Back in the 1990s, a UNC materials scientist named Otto Zhou got tired of his x-ray equipment burning out and breaking down. This was in the early years of nanotechnology research, and he and another UNC physicist, Jianping Lu, came up with a design for a new x-ray machine based on carbon nanotubes, tiny structures used for a variety of purposes because they’re good for conducting electricity.

Since then, Zhou and his collaborators have improved the technology and adapted it to make smaller, more portable CT scanners and a new kind of breast-imaging device being tested at Lineberger. One other important feature of carbon nanotubes: they can produce microbeams. Unlike traditional x-ray beams that spread out as they move away from the source, microbeams stay narrowly focused on the target, passing through less tissue in the process.

Of course, Zhou’s small x-ray machines can’t match the power of a quarter-mile-wide synchrotron. Microbeams aren’t useful if they can’t deliver a hefty dose of radiation. But, Zhou says, one day over lunch—after many lunches, Chang amends—they figured out how the single, powerful beam made by a synchrotron could be replaced by several weaker microbeams all aimed at a tumor. That, Zhou’s carbon nanotubes can do.

“Traditional x-rays come from one point,” Zhou says. “With carbon nanotubes, we can make linear arrays of x-rays, or squares, or basically any shape you want. We can generate beams from different points either simultaneously or in sequence.”

So their team built a device unlike any that’s ever been used in radiation therapy. Like a synchrotron, it delivers simultaneous, ultrathin beams of radiation with a small gap in between to spare healthy tissue. They’ve shown that it damages cancer cells in mice, the same way standard radiation treatment does. And like synchrotron radiation, the device packs a powerful punch. But it does so gradually, taking perhaps 20 or 30 minutes to deliver a dose of radiation that a synchrotron puts out in a fraction of a second.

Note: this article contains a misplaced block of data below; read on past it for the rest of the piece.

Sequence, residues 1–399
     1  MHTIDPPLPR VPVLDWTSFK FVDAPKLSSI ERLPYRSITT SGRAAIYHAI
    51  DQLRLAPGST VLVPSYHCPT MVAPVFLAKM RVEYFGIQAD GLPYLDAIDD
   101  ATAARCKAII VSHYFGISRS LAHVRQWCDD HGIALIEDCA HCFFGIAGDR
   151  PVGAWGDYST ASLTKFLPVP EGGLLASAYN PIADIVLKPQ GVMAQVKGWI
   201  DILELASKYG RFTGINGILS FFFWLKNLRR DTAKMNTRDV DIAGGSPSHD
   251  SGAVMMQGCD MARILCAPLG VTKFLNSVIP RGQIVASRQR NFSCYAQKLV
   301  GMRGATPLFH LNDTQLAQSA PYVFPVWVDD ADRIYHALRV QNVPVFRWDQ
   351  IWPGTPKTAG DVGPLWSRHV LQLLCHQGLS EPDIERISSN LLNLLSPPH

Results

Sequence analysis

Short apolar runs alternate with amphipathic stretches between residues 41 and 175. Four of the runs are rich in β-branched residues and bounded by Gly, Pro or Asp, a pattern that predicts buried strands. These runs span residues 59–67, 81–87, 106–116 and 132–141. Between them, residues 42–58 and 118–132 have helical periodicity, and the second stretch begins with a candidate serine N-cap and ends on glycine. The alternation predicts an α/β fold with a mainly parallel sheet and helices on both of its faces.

The synchrotron’s amazing power is probably one reason why cancer researchers haven’t looked more deeply into microbeam radiation, Chang says. It’s scary to think about aiming that much radiation at a patient, knowing that if you don’t cut off the beam just in time, the patient will get too high a dose. Zhou’s microbeam emitter delivers the radiation slowly. To make sure the beam doesn’t go the wrong way when the patient (in this case, a mouse) shifts around during treatment, the device takes an x-ray image of the brain while it works. It only fires the beam when the tumor is in exactly the right spot.

UNC was just granted a patent for the device, which uses an x-ray source built by Zhou’s Research Triangle Park company, XinRay Systems. Zhou wants to make the device commercially available once he has a second-generation model. Their next step is to try to up the power of the microbeams a bit, in order to decrease the time a treatment takes. They want to figure out how many microbeams are best to use and the optimal dosage to wipe out a tumor. Mice, rats, and other small animals in studies of synchrotron microbeams have lived up to 10 times longer than animals treated with standard radiation.

Chang hopes they’ll start to test microbeam radiation on humans by 2020, or not long after. If she found out she had an incurable brain tumor, Chang says, “I want microbeam radiation.

“I want to have a chance.”



X. Sha Chang is an associate professor and head of the Physics and Computing Division in the Department of Radiation Oncology at the UNC School of Medicine. Otto Zhou is the David Godschalk Distinguished Professor in the Department of Physics and Astronomy in the College of Arts and Sciences. Both are members of the UNC Lineberger Comprehensive Cancer Center.

Zhou’s Research Triangle Park companies Xintek, Inc., and XinRay Systems develop carbon-nanotube technology for applications such as information display, medical imaging, and microscopy.